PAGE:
One of the main differences between strap lock systems is the way in which you lock them, and, while everybody will have a preference for a certain style, it’s hard to look past the Fender Infinity Strap Locks for sheer functionality.
Thanks to their smooth, ball-bearing-style system with pinch-button release, they’re incredibly easy to take off, but almost impossible to do so accidentally.
One thing to consider is that, even though they look very compact, these strap locks actually stick out a fair way, so you might need to take your strap off if you’re packing the guitar away. They do look cool, though, and would really enhance the look of your Fender.
While most of the strap locks in this guide are pretty simple to install, none can match the D’Addario Dual-Lock Strap Locks for ease of use. With their slide-on/slide-off, clip-style mechanism, they’re the perfect choice for people who don’t want to faff about changing buttons and threading bolts through their straps.
Of course, these being plastic clips that slide over the top of your strap, you shouldn’t expect them to be as sturdy or reliable as, say, Shaller or Ernie Ball locks – but, unless you’re turning in The Dillinger Escape Plan-style performances, they should do the job alright.
While peace of mind is worth paying for when we’re talking about valued possessions, these strap locks are significantly more affordable than just about everything else out there – and can even secure your guitar cable at the same time – so are well worth a look if you don’t want to spend a lot.
Very comparable to the Fender Infinity Strap Locks, Ernie Ball’s Super Locks are a great option for those guitarists who like a pinch-button release.
As you’d expect from some of the most expensive strap locks on the market, the build quality here is exceptional. If only we could say the same thing about their looks.
Ultimately, that’s a matter of personal taste, though, and going on quality alone, the Ernie Ball Super Locks are a seriously safe choice that you can put your trust in.
If you like the look of the Schaller S-Locks but want a more affordable alternative, then you’re in luck. Stagg’s SSL1 BK strap locks are basically like a budget version of the S-Locks and, at around $14/£10 a pair, are probably the most attractively priced steel locks on the market.
While they’re a solid offering and will do pretty much everything you need them to do, the lower price point does come with a couple of trade-offs. Firstly, these strap locks have a much shorter thread, so aren’t suitable for thick straps. They also use a nut-and-washer system to secure them to the strap, so you’ll have to keep an eye on them and tighten them from time to time.
However, given that you could buy almost three sets of these for the price of one set of other-brand steel locks, the Stagg SSL1 BKs are certainly ones to consider.
If you’re planning on taking your guitar strap on and off a lot, and you aren’t an acrobatic performer, then you might want to consider Fender’s Strap Blocks. With their rubber build, they’re unassuming to look at, but they’re actually pretty effective.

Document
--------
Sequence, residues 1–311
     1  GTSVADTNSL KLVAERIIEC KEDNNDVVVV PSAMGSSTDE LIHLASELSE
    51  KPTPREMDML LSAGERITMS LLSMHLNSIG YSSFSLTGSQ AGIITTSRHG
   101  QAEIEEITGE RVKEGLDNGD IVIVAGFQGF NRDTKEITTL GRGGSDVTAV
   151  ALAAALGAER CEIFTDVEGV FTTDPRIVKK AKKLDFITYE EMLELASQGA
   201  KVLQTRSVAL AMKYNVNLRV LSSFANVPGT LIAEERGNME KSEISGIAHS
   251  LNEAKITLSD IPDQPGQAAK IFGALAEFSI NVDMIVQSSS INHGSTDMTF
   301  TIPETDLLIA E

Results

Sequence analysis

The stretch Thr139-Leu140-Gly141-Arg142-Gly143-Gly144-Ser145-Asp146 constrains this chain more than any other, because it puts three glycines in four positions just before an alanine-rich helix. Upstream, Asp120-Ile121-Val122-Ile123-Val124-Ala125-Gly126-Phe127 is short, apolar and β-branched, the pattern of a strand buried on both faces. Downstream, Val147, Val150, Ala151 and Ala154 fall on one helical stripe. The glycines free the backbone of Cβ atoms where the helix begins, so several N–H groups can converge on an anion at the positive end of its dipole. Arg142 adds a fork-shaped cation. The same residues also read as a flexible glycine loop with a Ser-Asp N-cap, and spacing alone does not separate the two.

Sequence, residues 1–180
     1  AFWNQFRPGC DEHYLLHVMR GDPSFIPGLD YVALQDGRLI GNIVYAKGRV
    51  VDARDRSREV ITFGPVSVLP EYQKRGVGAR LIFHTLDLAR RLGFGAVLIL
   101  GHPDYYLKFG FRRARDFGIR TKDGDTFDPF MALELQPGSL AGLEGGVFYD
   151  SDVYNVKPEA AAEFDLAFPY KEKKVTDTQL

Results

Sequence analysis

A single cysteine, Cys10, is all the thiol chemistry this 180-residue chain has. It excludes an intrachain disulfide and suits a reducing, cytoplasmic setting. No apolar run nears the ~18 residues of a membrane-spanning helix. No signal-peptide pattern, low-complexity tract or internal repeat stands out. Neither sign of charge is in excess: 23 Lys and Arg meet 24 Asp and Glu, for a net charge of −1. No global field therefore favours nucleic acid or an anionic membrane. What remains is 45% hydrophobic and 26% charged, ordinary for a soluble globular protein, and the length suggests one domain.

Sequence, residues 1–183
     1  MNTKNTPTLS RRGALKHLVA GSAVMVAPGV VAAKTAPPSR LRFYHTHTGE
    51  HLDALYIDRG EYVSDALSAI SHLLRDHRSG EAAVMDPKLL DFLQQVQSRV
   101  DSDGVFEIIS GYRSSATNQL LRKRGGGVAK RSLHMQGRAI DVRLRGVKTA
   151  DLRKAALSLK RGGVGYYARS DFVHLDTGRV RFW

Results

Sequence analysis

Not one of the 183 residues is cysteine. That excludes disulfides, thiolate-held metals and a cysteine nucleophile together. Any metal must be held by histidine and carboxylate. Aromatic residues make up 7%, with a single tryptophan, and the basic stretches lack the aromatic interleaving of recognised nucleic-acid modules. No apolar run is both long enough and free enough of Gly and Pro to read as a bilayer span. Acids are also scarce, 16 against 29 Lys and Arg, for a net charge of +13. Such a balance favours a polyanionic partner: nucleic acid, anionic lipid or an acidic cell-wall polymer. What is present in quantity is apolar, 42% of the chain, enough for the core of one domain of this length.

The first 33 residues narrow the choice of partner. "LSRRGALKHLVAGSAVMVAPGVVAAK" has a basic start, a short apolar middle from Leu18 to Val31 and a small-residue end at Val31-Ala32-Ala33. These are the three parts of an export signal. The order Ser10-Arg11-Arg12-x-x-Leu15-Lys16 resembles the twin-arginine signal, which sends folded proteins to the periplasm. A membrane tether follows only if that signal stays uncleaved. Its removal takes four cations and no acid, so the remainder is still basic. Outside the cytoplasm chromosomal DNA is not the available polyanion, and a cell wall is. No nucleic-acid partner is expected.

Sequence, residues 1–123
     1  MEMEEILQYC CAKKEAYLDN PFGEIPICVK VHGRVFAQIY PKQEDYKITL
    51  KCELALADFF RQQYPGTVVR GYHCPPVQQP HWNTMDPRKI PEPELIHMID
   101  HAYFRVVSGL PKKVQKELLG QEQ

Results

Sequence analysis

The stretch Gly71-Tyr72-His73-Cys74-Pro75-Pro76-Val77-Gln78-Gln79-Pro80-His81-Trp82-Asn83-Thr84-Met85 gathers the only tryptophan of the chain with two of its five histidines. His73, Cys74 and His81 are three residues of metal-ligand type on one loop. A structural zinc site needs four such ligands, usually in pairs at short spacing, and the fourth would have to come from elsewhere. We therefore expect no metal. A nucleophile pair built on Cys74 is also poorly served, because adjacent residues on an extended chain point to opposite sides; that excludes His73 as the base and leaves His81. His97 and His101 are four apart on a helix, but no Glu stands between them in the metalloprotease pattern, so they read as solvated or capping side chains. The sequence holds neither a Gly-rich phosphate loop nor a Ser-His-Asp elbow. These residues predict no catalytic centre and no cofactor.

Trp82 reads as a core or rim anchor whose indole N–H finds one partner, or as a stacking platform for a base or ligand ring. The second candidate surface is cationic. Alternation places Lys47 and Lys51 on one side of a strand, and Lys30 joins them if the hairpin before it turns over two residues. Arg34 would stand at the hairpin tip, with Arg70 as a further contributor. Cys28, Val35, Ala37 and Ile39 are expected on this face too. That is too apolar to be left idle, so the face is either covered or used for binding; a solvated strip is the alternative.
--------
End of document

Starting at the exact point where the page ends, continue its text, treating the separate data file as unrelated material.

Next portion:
Of course, you shouldn’t expect the same level of quality that you’ll get with other items further up this list, but these guys are a great no-fuss, tried-and-tested option. Simply sliding over the top of your strap and button, they can be attached to your guitar in a minute. As they’re made of stiff rubber, it does take a little bit of effort to get them on, but that’s kind of reassuring.
Ultimately, if you want something simple, easy to fit and ultra-affordable, then Fender’s Strap Blocks are a perfect choice.
Best guitar strap locks: Buying advice
How do guitar strap locks work?
As you’ve probably guessed by now, guitar strap locks are designed to attach a guitar strap to a guitar in a more secure fashion than standard strap buttons.
How they work depends on the type you go for. Most will be fixed through your strap like the classic Schaller S-Locks or the Jim Dunlop StrapLok Strap Retainers Dual Design, and will require you to change out your existing buttons with the locking system’s buttons. But there are easy-fix options, such as the Fender Strap Blocks and the D'Addario Dual-Lock Strap Locks, which go over the top of your strap and button so that you can keep everything as is.
Things to consider when buying the best strap locks
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The main things to consider when buying strap locks are how secure you’ll need them to be – will you be thrashing around a lot or sitting down most of the time? – and how much work you want to do when attaching them. Depending on your current setup, you may need to re-drill the screw holes to fit the new buttons. With most types of strap lock, though, it should be as simple as removing your current buttons and replacing them with the strap-lock-compatible ones. Just double-check the gauge of the screws against each other before conducting any work, to ensure that you don't end up damaging your guitar by trying to force thicker or longer screws into place.
Other things to consider are the profile of the systems and the type of release you want. Some systems end up being quite long after you’ve put all the parts together. If you want something more compact, then the D'Addario PW-SLS-02 Universal Strap Locks and the Loxx Strap Lock Set for Electric Guitar & Bass are probably your best bets.
The last thing to think about is the strap locks’ appearance. Most types come in a range of different finishes and colors, so you should be able to find something that complements your hardware.